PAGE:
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Research Article Effect of Umbilical Cord Entanglement and Position on Pregnancy Outcomes

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Obstetrics and Gynecology International Volume 2015, Article ID , 4 pages Research Article Effect of Umbilical Cord Entanglement and Position on Pregnancy Outcomes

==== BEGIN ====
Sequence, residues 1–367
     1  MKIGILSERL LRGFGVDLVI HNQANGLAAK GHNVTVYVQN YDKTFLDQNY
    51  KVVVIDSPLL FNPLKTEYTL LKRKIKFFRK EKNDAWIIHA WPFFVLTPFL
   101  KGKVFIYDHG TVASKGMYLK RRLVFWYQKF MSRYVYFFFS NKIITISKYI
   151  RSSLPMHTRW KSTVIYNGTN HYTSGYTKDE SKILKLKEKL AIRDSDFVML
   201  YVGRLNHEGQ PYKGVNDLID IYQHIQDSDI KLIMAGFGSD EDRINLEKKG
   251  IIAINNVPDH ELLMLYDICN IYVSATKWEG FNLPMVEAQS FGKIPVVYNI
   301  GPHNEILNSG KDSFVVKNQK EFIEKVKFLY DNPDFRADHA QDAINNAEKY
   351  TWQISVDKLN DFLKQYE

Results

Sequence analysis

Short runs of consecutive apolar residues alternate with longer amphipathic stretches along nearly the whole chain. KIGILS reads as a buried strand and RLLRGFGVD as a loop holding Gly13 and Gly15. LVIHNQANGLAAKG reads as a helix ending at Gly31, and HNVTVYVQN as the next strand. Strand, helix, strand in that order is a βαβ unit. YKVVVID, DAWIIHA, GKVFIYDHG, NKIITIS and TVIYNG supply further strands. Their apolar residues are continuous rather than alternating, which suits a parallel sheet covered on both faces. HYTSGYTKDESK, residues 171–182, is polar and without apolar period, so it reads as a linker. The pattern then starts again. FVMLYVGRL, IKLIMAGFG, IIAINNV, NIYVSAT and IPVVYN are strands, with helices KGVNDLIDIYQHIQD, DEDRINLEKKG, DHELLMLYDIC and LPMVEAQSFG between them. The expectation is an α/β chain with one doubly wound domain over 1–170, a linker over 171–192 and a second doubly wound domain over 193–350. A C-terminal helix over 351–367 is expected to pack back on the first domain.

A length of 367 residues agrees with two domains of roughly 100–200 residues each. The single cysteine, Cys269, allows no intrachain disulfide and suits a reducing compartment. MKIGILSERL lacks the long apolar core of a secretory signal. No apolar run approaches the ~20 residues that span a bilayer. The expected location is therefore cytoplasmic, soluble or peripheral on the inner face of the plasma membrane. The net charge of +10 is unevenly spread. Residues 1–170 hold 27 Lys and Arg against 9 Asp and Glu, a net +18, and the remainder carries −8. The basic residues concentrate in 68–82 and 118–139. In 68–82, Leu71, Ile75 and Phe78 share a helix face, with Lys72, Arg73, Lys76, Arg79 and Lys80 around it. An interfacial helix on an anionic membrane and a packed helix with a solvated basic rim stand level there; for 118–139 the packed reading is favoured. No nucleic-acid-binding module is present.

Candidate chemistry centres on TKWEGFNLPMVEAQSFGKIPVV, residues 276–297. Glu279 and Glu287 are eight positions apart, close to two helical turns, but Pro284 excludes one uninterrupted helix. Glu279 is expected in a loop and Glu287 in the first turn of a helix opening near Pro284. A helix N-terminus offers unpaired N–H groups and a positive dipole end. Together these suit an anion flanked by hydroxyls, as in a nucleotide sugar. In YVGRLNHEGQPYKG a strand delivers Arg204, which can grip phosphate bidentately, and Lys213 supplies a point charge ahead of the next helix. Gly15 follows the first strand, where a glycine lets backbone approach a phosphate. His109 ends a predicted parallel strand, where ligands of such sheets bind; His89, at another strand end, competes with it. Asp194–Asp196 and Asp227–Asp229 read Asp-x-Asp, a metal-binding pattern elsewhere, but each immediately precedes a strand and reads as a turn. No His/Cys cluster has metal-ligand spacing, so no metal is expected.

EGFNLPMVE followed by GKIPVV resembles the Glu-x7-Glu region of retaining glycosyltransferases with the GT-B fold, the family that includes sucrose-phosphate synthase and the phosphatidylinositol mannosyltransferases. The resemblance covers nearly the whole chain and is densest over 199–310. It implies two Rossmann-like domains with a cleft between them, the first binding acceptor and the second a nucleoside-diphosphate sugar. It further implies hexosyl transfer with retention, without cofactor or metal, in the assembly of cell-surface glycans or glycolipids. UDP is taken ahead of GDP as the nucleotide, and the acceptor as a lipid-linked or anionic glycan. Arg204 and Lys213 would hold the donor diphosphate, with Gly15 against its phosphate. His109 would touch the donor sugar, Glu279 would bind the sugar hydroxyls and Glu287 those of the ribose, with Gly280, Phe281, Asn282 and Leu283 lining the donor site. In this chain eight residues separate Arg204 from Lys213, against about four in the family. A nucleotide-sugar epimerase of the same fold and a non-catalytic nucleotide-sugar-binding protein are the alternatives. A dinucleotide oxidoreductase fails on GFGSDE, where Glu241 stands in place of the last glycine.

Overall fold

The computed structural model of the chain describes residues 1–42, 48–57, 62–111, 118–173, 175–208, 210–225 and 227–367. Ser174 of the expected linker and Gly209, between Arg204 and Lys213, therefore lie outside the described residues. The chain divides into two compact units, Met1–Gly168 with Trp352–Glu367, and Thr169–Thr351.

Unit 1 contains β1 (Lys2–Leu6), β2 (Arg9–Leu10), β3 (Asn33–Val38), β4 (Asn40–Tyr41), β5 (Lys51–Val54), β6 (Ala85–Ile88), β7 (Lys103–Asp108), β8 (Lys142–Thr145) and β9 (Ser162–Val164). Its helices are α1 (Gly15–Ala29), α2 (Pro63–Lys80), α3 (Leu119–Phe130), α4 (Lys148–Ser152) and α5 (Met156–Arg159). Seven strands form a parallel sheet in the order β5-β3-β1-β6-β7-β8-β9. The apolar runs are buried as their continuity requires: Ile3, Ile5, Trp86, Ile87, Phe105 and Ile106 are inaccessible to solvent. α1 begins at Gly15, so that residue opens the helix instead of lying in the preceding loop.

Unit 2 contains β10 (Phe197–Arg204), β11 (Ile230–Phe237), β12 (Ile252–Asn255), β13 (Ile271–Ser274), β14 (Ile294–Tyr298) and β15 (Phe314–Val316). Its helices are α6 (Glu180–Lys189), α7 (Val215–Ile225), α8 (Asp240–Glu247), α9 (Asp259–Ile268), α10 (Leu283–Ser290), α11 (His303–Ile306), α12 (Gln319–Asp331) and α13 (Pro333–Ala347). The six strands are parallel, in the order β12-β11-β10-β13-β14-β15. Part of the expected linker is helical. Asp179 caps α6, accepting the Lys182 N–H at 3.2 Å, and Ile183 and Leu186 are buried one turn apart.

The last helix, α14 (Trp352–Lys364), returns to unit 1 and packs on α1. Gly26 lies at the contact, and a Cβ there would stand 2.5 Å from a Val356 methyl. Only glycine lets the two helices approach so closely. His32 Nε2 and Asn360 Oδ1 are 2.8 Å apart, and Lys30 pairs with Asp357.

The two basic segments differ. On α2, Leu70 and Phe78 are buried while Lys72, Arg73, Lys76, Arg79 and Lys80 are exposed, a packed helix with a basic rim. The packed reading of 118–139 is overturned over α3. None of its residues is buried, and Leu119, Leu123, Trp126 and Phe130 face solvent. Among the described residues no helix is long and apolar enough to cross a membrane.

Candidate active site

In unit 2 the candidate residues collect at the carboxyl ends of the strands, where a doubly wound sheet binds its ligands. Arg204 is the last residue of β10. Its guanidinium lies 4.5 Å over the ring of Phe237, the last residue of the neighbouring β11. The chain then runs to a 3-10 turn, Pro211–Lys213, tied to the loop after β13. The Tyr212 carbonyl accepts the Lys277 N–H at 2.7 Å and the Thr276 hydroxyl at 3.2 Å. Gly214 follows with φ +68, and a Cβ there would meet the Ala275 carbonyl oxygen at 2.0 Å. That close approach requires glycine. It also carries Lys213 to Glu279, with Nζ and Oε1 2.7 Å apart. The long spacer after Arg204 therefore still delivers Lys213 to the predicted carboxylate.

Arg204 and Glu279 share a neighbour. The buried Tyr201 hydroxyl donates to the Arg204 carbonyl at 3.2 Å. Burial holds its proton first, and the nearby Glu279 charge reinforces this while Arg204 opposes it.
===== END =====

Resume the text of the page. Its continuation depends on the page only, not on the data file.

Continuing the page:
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Obstetrics and Gynecology International Volume 2015, Article ID , 4 pages Research Article Effect of Umbilical Cord Entanglement and Position on Pregnancy Outcomes Natsuko Kobayashi, 1 Shigeru Aoki, 1 Mari S. Oba, 2 Tsuneo Takahashi, 1 and Fumiki Hirahara 3 1 Perinatal Center for Maternity and Neonates, Yokohama City University Medical Center, 4-57 Urafunecyou, Minami-ku, Yokohama, Kanagawa , Japan 2 Department of Biostatistics and Epidemiology, Yokohama City University Graduate School of Medicine and University Medical Center, Yokohama, Japan 3 Department of Obstetrics and Gynecology, Yokohama City University Hospital, Yokohama, Japan Correspondence should be addressed to Shigeru Aoki; Received 16 May 2015; Accepted 29 June 2015 Academic Editor: Everett Magann Copyright 2015 Natsuko Kobayashi et al. This is an open access article distributed under the Creative Commons Attribution License, which permits unrestricted use, distribution, and reproduction in any medium, provided the original work is properly cited. Introduction. To investigate the effect of complex umbilical cord entanglement primarily around the trunk on pregnancy outcomes. Methods. We studied6307 pregnant women with singleton pregnancies who underwent vaginal delivery ofan infant at 37 weeks of gestation. Cases were classified into no cord, nuchal cord, and body cord groups and defined as cases without umbilical cord entanglement, one or more loops of the umbilical cord around the neck only, and umbilical cord around the trunk only, respectively. Pregnancy outcomes were compared among these three groups. Results. The no cord, nuchal cord, and body cord group included 4733, 1451, and 123 pregnancies, respectively. Although delivery mode was not significantly different among the three groups, 1- minute Apgar scores 7andumbilicalartery(UA)pH 7.10 were significantly more common in the umbilical cord entanglement groups than in the no cord group. In particular, the frequency of 5-minute Apgar scores 7 was significantly higher (P = 0.004), whereasthatofuaph 7.10 tended to be higher (P = 0.057) in the body cord group than in the nuchal cord group. Conclusion. Compared to nuchal cord, umbilical cord entanglement around the trunk was associated with a higher risk of low Apgar scores and low UA ph. 1. Introduction Umbilical cord entanglement is the most common pathological condition among umbilical cord abnormalities [1], with an incidence ranging from 14.7% to 33.7% of all deliveries [1 3]. Umbilical cord entanglement reportedly increases the risk of prolonged labor and nonreassuring fetal status due to umbilical cord compression [1, 3 12], while some reports indicate that the risk of cesarean section or forced delivery is not increased [1, 5, 7, 13 16]. Therefore, consensus has not been reached. In addition, to the best of our knowledge, the majority of reports regarding umbilical cord entanglement concern nuchal cord entanglement, with no reported case concerning any other type of umbilical cord entanglement. Therefore, this study aimed to investigate the effect of complex umbilical cord entanglement primarily around the trunk on pregnancy outcome. 2. Materials and Methods Data were retrospectively analyzed using the medical records of 8636 women with singleton pregnancies who had undergone attempted vaginal delivery at 37 gestational weeks between January 2004 and December 2013 at Yokohama City University Medical Center. Women with a serious complication, such as hypertension or diabetes, who delivered a newborn with congenital anomalies or with fetal malpresentation, were excluded. Consequently, 6307 of the 8636 women were included in this study. This study has been approved by the ethics committee of the Yokohama 2 Obstetrics and Gynecology International Table 1: Maternal characteristics, compared between the 3 groups. No nuchal cord Nuchal neck cords Nuchal body cords (n = 4733) (n = 1451) (n = 123) P value Maternal age 31.7 ± ± ± Parity Primiparous 2356 (49.8%) 773 (53.3%) 64 (52%) Multiparous 2377 (50.2%) 678 (46.7%) 59 (48%) Gestational age (weeks) 39.6 ± ± ± City University Medical Center. The presence or absence of umbilical cord entanglement was determined at the level of theumbilicusduringdelivery.thenocordgroupincluded cases without umbilical cord entanglement. The nuchal cord group included cases with at least one loop of the umbilical cord around the neck only. The body cord group included cases with the umbilical cord wrapped around the trunk, excluding the neck. Cases with umbilical cord entanglement around multiple parts, such as entanglement around both the neck and trunk or around both the neck and upper/lower limbs, were excluded. Pregnancy outcomes were compared among the 3 groups: no cord, nuchal cord, and body cord groups. The following maternal characteristics were collected: maternal age at delivery, parity, and gestational age at delivery. The main outcome measures were delivery mode, birth weight, birth height, 1-minute Apgar scores 7, 5-minute Apgar scores 7,umbilical artery(ua)ph 7.1, and an excessively long umbilical cord. An excessively long umbilical cord was defined as an umbilical cord measuring 70 cm in length. Data are expressed as mean ± standard deviation or frequency (percentage). The IBM SPSS Statistics version 19 program was used for statistical analyses. Categorical variables were compared using χ 2 tests. Analysis of variance and t-tests were used to compare continuous variables. Statistical tests were considered significant at a P value Results The no cord group included 4733 pregnancies, the nuchal cord group included 1451 pregnancies, and the body cord group included 123 pregnancies. Table 1 shows the maternal characteristics. No significant difference was observed among the groups in maternal age at delivery, parity, or gestational age. Table2showsthemainoutcomemeasuresforpregnancy outcomes among the 3 groups. No significant difference in delivery mode was observed among the groups. Moreover, the groups with umbilical cord entanglement, which were the nuchal cord and body cord groups, had significantly longer umbilical cords, compared with the no cord group. In particular, the nuchal cord group had the longest umbilical cord and included significantly more cases of excessively long umbilical cord. Significant differences in the frequencies of 1- minuteand5-minuteapgarscores 7 and 7, respectively, and UA ph 7.1 were observed between the 3 groups, with higher frequencies observed in the body cord group than in the other 2 groups. Significant differences were observed in neonatal birth weight between the no cord group and umbilical cord entanglement groups (P = 0.004), and birth weight was lower in the nuchal cord and body cord groups than in the no cord group. There were no significant differences in neonatal birth height among the 3 groups. 4. Discussion Although delivery mode was not significantly different among the 3 groups, the frequencies of 1-minute Apgar scores 7 anduaph 7.10 were significantly higher in the groups with umbilical cord entanglement than in the no cord group. In particular, the frequency of 5-minute Apgar scores 7was significantly higher (P = 0.004) and frequency of UA ph 7.10 tended to be higher (P = 0.057)inthebodycordgroup than in the nuchal cord group. In this study, the presence or absence of umbilical cord entanglement did not affect the delivery mode. This finding is similar to that of the majority of previous studies, in which there were no differences in cesarean section rates based on the presence or absence of umbilical cord entanglement [1,5,6,13 16].Meanwhile,Larsonetal.[4]reportedthat the instrumental delivery rate was higher in cases with multiple umbilical cord entanglement, but cesarean section rates were not significantly different. Moreover, Bernad et al. [7] reported that umbilical cord entanglement might be a cause of intrauterine fetal death even though there was no differenceinforceddeliveryratesbasedoncordentanglement. The authors recommended that rigorous management with fetal heart rate monitoring should be conducted during delivery when ultrasonography clearly reveals umbilical cord entanglement and cesarean section should be considered when nonreassuring fetal status is detected. In the groups with umbilical cord entanglement, the frequencies of 1-minute Apgar scores 7 anduaph 7.10 were higher than in the no cord group. Assimakopoulos et al. [6] reported that cases with umbilical cord entanglement more frequently had low Apgar scores and low UA ph as have manyotherstudiesforeitherlowapgarscoresorlowuaph [1,4,6,8,10,12].Theresultsofthepresentstudyalsosupport the findings of these studies and confirm that the presence or absence of umbilical cord entanglement affects neonatal conditions at delivery. The frequency of 5-minute Apgar scores 7 was significantly higher in the body cord group compared with the Obstetrics and Gynecology International 3 Table2:Comparisonofpregnancyoutcomesbetweenthe3groups. No nuchal cord Nuchal neck cords Nuchal body cords (n = 4733) (n = 1451) (n = 123) P value Mode of delivery Spontaneous vaginal delivery 4110 (86.8%) 1248 (86.0%) 105 (85.4%) Instrumental delivery 298 (6.3%) 89 (6.1%) 7 (5.7%) Cesarean delivery 325 (6.9%) 114 (7.9%) 11 (8.9%) Excessively long umbilical cord 54 (1.1%) 403 (27.8%) 25 (20.3%) 0.01 Umbilical cord length (cm) 53.7 ± ± ± 10.8 Apgar score at 1 min 7 80 (1.7%) 41 (2.8%) 6 (4.9%) Apgar score at 5 min 7 9 (0.2%) 6 (0.4%) 3 (2.4%) 0.01 UApH (1.2%) 24 (1.6%) 5 (4.1%) 7.30 ± ± ± Birth weight (g) 3053 ± ± ± Birth height (cm) 48.9 ± ± ± UApH: umbilical artery ph. nuchal cord group in the present study, and the frequency of UA ph 7.10 also tended to be higher. To our knowledge, the majority of studies regarding umbilical cord entanglement concernnuchalcordentanglement,andnopreviousstudy has investigated umbilical cord entanglement around the trunk. The lower Apgar scores and UA ph in the body cord groupthaninthenuchalcordgroupmightbeexplained by a greater likelihood to suffer umbilical cord compression during uterine contraction in fetuses with umbilical cord entanglement around the trunk compared with nuchal cord entanglement, because a space between the head and trunk is not present in the former but is in the latter. Neonatalbirthweightwas34gand45glowerinthe nuchal cord and body cord groups, respectively, than in the no cord group. In a study of neonatal outcomes based on the presence or absence of umbilical cord entanglement in deliveries, Ogueh et al. [5] reported that the birth weight of fetuses with nuchal cord entanglement was 55 g lower than without nuchal cord entanglement. The authors suggested that chronic intermittent cord compression with hypoxia might lead to fetal growth restriction; alternatively, smaller fetuses have more space to move around in the uterus and are consequently more likely to have umbilical cord entanglement. Meanwhile, Sheiner et al. [1] reported in a similar study which included deliveries that the birth weight of fetuses with nuchal cord entanglement tended to be higher. Although the results of the present study support those reported by Ogueh et al. [5], further studies are needed to establish firm conclusions regarding the relationship between umbilical cord entanglement and fetal growth. The present study has several limitations. First, it was conducted with a small sample in a single institution. Second, the effects of nuchal cord entanglement were not evaluated based on the number of loops. Moreover, cases with multiple umbilical cord entanglements involving multiple parts of the body, such as entanglement around both the neck and upper/lower limbs, were excluded. In conclusion, umbilical cord entanglement is associated withanincreasedriskoflowapgarscoresandlowua ph. The present study suggests that fetuses with complex umbilical cord entanglement primarily around the trunk, but not the neck, are strongly affected by umbilical cord compression during delivery. However, delivery modes were not affected by any type of umbilical cord entanglement, which supports the findings of previous studies. Umbilical cord entanglement is a common pathological condition encountered in daily clinical practice. Although it might affect neonatal conditions during delivery, vaginal delivery can be safely performed in many cases, and undue concern should not be passed on to the mothers, even when ultrasonography reveals the presence of umbilical cord entanglement before delivery. Conflict of Interests The authors declare that they have no conflict of interests to declare.theauthorsconfirmthattheresultsofthispaperhave not been distorted by research funding or conflict of interests. References [1] E. Sheiner, J. S. Abramowicz, A. Levy, T. Silberstein, M. Mazor, and R. Hershkovitz, Nuchal cord is not associated with adverse perinatal outcome, Archives of Gynecology and Obstetrics, vol. 274, no. 2, pp , [2] L. Schäffer, T. Burkhardt, R. Zimmermann, and J. Kurmanavicius, Nuchal cords in term and postterm deliveries do we need to know? Obstetrics and Gynecology, vol.106,no.1,pp , [3] C.W.Kong,L.W.Chan,andW.W.K.To, Neonataloutcome and mode of delivery in the presence of nuchal cord loops: implications on patient counselling and the mode of delivery, Archives of Gynecology and Obstetrics, vol.292,no.2,pp , [4] J. D. Larson, W. F. Rayburn, S. Crosby, and G. R. Thurnau, Multiple nuchal cord entanglements and intrapartum complications, American Obstetrics and Gynecology,vol.173, no. 4, pp , [5] O. Ogueh, A. Al-Tarkait, D. Vallerand et al., Obstetrical factors related to nuchal cord, Acta Obstetricia et Gynecologica Scandinavica,vol.85,no.7,pp ,2006. 4 Obstetrics and Gynecology International [6] E. Assimakopoulos, M. Zafrakas, P. Garmiris et al., Nuchal cord detected by ultrasound at term is associated with mode of delivery and perinatal outcome, European Obstetrics Gynecology and Reproductive Biology,vol.123,no.2,pp , [7] E.S.Bernad,M.Craina,A.Tudor,andS.I.Bernad, Perinatal outcome associated with nuchal umbilical cord, Clinical and Experimental Obstetrics and Gynecology,vol.39,no.4,pp , [8] Y. Narang, N. B. Vaid, S. Jain et al., Is nuchal cord justified as a cause of obstetrician anxiety? Archives of Gynecology and Obstetrics,vol.289,no.4,pp ,2014. [9] S. R. Tamrakar, Incidence of nuchal cord, mode of delivery and perinatal outcome: a notable experience in Dhulikhel Hospital Kathmandu University Hospital, Nepal Medical College Journal,vol.15,no.1,pp.40 45,2013. [10] E.Jauniaux,B.Ramsay,C.Peellaerts,andY.Scholler, Perinatal features of pregnancies complicated by nuchal cord, American Perinatology,vol.12,no.4,pp ,1995. [11] G. D. V. Hankins, R. R. Snyder, J. C. Hauth, L. C. Gilstrap III, and T. Hammond, Nuchal cords and neonatal outcome, Obstetrics and Gynecology,vol.70,no.5,pp ,1987. [12] D. A. Rhoades, U. Latza, and B. A. Mueller, Risk factors andoutcomesassociatedwithnuchalcord:apopulation-based study, Reproductive Medicine for the Obstetrician and Gynecologist,vol.44,no.1,pp.39 45,1999. [13] J. M. Mastrobattista, L. M. Hollier, E. R. Yeomans et al., Effects of nuchal cord on birthweight and immediate neonatal outcomes, The American Perinatology,vol.22, no.2, pp.83 85,2005. [14] G. S. Ghosh and S. Gudmundsson, Nuchal cord in postterm pregnancy relationship to suspected intrapartum fetal distress indicating operative intervention, Perinatal Medicine,vol.36,no.2,pp ,2008. [15] V. H. González-Quintero, L. Tolaymat, A. C. Muller, L. Izquierdo, M. J. O Sullivan, and D. Martin, Outcomes of pregnancies with sonographically detected nuchal cords remote from delivery, Ultrasound in Medicine,vol.23,no.1, pp.43 47,2004. [16] W. F. Miser, Outcome of infants born with nuchal cords, Family Practice,vol.34,no.4,pp ,1992. 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